Sections

Fish tale: Endangered sea creatures join Coney’s New York Aquarium

Big fish, small pond: Five endangered Atlantic sturgeon have arrived at the New York Aquarium’s “Ocean Wonders: Sharks!” exhibit as part of a push to educate locals about the sea creatures that formerly populated the Empire State’s waterways.
Brooklyn Paper
Share on TwitterTweet
Share on Facebook
Subscribe

Don’t miss our updates:

Call them big fish in a small pond.

Five endangered ocean dwellers arrived at Coney Island’s New York Aquarium this month, just a short stretch of sand away from their historical home. The five- to six-foot-long Atlantic sturgeon were once so common in the Hudson River and waters upstate that people called them “Albany beef,” but so many wound up on dinner plates that the species neared extinction. Their presence in the aquatic zoo will help educate New Yorkers about the fish’s historical importance and efforts to keep them alive, according to the Aquarium’s director.

“In past centuries, the species was a big part of New York State’s regional trade in sturgeon meat and caviar,” said Jon Forrest Dohlin, who is also the vice president of the Wildlife Conservation Society, which works to preserve land and species across the globe . “Of course, things have changed, and conservationists in New York and elsewhere are now committed to saving this imperiled species.”

The sturgeons, which weigh more than 120 pounds each, now swim within the Aquarium’s “Ocean Wonders: Sharks!” exhibit, which is fashioned after their native habitat in the Hudson Canyon ecosystem, according to the Wildlife Conservation Society.

The slippery swimmers arrived in the People’s Playground from their previous home at the Cooperative Oxford Laboratory in Maryland, where they were part of a spawn-and-release program. A ban on capturing the beasts took effect in 1998, but the crackdown had little effect on their numbers, according to the conservation group, which notes Atlantic sturgeons have been on the endangered-species list since 2012 due to a combination of overfishing, habitat loss, and pollution.

The fish are sure to stand out from the sharks featured in the exhibit, thanks to their rows of bony plates, and tube-like mouths lined with feelers to detect prey at the bottom of the sea. The fish in the exhibit are the size of a small adult, but other members of the species can grow up to 14 feet long and weigh up to 800 pounds, according to the Conservation society.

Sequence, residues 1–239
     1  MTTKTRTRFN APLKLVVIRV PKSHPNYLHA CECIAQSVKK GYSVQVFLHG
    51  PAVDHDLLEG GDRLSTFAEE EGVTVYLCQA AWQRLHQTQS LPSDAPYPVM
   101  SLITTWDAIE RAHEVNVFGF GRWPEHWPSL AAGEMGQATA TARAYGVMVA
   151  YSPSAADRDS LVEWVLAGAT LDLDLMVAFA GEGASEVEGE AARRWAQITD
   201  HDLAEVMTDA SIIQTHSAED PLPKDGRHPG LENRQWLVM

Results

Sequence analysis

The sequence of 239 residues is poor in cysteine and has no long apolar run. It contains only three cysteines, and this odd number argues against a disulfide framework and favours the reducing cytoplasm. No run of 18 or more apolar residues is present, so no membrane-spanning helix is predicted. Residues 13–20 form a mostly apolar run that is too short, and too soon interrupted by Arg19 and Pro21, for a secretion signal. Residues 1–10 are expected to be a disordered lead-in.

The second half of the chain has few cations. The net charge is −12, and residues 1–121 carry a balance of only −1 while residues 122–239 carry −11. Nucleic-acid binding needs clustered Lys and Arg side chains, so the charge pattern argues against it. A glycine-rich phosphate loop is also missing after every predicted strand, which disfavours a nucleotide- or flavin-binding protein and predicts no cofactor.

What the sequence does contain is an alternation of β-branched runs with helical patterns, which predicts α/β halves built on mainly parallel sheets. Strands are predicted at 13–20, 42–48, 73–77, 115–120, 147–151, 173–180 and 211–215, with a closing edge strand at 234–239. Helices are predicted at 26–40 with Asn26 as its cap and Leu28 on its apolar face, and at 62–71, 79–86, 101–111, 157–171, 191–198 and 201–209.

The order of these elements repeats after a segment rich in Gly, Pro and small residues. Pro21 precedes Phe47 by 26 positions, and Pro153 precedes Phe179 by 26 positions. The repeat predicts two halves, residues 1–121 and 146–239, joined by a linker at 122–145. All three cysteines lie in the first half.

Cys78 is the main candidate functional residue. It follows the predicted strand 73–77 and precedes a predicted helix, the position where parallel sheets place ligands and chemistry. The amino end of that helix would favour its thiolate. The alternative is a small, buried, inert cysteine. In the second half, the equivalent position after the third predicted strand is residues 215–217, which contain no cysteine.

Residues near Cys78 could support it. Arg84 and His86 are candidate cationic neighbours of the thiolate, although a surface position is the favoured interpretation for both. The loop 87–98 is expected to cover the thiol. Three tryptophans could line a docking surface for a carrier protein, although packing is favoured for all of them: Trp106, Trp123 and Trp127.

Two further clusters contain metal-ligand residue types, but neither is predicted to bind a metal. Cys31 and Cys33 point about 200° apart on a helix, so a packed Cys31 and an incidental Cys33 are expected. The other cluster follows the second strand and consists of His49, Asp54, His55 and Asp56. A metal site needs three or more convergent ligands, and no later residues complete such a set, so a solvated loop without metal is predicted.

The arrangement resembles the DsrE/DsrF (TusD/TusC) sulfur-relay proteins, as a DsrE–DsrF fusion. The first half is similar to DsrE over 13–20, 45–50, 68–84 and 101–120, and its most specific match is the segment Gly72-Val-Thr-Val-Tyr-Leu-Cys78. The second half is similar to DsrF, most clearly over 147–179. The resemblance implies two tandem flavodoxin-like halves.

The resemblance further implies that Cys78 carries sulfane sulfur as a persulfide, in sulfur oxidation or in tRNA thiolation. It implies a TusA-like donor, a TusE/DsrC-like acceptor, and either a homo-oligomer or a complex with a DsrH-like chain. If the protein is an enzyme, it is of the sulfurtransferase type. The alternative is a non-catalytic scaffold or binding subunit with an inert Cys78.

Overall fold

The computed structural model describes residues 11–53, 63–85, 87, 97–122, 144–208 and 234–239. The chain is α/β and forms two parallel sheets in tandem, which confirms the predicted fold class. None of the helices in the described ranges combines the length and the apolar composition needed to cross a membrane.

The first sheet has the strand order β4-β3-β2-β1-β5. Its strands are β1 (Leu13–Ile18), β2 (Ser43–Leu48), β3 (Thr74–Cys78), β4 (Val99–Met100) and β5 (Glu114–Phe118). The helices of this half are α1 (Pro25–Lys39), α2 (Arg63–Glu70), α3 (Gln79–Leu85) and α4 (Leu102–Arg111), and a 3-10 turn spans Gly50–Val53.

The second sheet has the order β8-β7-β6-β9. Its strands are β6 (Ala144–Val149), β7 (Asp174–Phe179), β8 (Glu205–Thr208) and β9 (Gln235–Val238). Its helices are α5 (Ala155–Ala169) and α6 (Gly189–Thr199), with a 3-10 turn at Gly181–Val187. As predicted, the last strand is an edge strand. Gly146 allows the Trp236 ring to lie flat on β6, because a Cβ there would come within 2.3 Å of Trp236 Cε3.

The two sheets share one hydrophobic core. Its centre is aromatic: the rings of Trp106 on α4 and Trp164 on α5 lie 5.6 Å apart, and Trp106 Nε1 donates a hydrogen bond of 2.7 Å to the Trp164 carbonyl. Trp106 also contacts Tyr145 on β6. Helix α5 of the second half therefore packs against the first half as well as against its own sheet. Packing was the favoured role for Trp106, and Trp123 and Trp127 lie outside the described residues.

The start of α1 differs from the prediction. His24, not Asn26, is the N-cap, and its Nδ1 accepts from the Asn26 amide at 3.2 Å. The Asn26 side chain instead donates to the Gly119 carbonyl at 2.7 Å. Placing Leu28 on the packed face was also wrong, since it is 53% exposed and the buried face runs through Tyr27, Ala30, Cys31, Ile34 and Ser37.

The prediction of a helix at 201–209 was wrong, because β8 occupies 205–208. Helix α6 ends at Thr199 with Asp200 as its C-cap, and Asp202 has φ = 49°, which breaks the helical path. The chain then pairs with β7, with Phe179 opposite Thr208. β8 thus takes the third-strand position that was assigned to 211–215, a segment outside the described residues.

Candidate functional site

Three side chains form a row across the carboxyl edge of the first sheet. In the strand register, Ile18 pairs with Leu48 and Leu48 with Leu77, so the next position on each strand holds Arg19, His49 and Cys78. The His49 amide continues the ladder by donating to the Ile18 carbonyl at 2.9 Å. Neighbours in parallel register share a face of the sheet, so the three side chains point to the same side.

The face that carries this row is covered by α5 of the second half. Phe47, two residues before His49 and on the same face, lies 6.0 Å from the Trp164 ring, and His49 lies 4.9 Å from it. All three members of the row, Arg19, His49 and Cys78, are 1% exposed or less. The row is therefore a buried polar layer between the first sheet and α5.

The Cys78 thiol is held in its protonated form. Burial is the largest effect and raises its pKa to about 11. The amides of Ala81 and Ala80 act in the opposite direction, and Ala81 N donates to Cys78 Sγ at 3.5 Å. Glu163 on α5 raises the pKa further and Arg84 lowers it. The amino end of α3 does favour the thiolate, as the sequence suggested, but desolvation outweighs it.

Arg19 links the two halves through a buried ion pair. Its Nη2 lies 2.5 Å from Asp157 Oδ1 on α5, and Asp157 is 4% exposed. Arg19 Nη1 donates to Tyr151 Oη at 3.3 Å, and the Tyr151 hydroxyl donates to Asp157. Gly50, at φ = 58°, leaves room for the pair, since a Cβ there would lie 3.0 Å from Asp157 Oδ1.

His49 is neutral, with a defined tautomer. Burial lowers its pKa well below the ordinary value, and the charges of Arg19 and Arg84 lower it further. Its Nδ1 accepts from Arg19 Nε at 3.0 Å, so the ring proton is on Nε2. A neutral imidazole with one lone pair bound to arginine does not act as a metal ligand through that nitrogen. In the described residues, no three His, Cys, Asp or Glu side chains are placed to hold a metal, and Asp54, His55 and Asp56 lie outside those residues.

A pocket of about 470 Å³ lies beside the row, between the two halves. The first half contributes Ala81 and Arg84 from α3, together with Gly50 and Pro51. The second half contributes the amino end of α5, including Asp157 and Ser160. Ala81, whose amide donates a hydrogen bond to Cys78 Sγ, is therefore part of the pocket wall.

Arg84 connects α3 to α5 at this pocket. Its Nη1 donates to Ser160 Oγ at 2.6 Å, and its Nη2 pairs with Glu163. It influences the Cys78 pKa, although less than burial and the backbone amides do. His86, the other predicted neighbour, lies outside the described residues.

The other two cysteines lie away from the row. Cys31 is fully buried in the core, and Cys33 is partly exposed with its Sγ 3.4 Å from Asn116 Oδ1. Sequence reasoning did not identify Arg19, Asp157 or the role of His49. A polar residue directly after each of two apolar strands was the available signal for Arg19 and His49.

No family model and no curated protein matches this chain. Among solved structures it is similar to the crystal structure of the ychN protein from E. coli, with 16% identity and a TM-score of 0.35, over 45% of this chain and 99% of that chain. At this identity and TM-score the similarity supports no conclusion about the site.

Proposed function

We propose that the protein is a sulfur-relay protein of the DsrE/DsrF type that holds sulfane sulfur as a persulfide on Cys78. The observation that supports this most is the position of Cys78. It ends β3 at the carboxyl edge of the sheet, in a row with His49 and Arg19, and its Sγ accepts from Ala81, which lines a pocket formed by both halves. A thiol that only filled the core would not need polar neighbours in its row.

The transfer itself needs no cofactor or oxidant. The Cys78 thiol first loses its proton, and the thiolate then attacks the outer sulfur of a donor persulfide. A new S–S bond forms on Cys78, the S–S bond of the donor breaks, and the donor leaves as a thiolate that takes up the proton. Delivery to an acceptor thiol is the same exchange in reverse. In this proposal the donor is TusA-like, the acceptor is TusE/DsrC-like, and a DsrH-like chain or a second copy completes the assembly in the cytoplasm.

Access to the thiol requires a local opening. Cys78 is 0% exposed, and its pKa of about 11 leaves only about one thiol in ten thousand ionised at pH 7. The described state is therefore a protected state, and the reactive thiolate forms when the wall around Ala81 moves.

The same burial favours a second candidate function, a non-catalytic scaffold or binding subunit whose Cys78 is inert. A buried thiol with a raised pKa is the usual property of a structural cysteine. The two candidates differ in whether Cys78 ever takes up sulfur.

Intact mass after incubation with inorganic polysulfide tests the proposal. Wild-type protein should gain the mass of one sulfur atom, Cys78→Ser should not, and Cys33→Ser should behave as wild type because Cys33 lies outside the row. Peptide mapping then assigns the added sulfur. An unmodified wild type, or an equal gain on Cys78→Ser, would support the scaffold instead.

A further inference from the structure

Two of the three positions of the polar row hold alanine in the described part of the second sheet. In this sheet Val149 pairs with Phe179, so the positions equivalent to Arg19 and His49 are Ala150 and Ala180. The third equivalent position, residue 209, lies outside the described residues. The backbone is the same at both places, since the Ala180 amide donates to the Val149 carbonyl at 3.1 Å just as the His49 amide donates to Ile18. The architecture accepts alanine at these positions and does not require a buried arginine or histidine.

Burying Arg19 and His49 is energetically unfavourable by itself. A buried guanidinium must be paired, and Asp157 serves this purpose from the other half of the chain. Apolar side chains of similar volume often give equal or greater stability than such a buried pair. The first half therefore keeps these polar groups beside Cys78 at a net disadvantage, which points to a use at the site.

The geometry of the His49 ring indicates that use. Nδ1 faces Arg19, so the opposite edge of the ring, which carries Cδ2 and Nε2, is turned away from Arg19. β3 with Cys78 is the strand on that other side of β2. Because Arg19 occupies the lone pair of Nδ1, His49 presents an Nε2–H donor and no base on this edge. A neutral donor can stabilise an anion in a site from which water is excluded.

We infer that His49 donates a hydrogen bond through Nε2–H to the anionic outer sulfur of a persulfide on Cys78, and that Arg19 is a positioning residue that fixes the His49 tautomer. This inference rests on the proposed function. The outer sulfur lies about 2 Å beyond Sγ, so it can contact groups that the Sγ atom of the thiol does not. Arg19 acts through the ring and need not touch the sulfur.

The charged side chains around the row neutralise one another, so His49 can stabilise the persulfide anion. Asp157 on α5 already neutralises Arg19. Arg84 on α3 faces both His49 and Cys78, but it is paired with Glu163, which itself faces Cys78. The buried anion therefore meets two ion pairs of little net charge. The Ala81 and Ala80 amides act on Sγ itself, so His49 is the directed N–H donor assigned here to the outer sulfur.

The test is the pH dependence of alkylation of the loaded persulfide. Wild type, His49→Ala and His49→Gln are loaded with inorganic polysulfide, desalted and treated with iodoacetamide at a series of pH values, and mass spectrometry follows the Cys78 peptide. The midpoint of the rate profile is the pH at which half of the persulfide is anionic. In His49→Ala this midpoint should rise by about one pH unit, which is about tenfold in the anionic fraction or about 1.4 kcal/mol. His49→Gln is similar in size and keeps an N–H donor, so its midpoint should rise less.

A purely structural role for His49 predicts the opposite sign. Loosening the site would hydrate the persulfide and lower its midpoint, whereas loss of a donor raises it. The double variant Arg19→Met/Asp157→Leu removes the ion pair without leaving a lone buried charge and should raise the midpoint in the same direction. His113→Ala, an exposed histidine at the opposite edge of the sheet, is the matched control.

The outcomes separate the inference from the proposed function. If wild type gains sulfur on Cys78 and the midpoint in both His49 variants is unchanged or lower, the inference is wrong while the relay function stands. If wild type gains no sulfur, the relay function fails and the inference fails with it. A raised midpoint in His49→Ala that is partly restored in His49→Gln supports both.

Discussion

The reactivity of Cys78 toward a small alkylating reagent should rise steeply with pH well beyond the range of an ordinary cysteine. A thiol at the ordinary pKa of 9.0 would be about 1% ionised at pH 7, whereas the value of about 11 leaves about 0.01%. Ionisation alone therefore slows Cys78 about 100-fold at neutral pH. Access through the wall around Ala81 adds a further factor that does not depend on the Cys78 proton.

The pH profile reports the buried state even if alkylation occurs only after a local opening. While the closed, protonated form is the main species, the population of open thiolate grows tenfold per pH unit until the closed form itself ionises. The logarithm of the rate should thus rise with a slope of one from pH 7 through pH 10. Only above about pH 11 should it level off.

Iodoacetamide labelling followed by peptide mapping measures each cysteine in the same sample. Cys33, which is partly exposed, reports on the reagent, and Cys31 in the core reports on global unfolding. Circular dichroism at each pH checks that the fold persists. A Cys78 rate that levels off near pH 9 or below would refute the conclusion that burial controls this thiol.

The sturgeons arrived at the Aquarium at the same time the institution received a designation as a satellite research facility by the federal Fish and Wildlife Service, which will allow it to offer educational programming about other endangered fish that once called the Hudson home, reps for the society said.

Reach reporter Julianne McShane at (718) 260–2523 or by e-mail at jmcshane@schnepsmedia.com. Follow her on Twitter @juliannemcshane.
Updated 10:04 am, February 14, 2019
Today’s news:
Share on TwitterTweet
Share on Facebook
Subscribe

Don’t miss our updates:


Reasonable discourse

Enter your comment below

By submitting this comment, you agree to the following terms:

You agree that you, and not BrooklynPaper.com or its affiliates, are fully responsible for the content that you post. You agree not to post any abusive, obscene, vulgar, slanderous, hateful, threatening or sexually-oriented material or any material that may violate applicable law; doing so may lead to the removal of your post and to your being permanently banned from posting to the site. You grant to BrooklynPaper.com the royalty-free, irrevocable, perpetual and fully sublicensable license to use, reproduce, modify, adapt, publish, translate, create derivative works from, distribute, perform and display such content in whole or in part world-wide and to incorporate it in other works in any form, media or technology now known or later developed.

First name
Last name
Your neighborhood
Email address
Daytime phone

Your letter must be signed and include all of the information requested above. (Only your name and neighborhood are published with the letter.) Letters should be as brief as possible; while they may discuss any topic of interest to our readers, priority will be given to letters that relate to stories covered by The Brooklyn Paper.

Letters will be edited at the sole discretion of the editor, may be published in whole or part in any media, and upon publication become the property of The Brooklyn Paper. The earlier in the week you send your letter, the better.

Keep it local!

Stay in touch with your community. Subscribe to our free newsletter: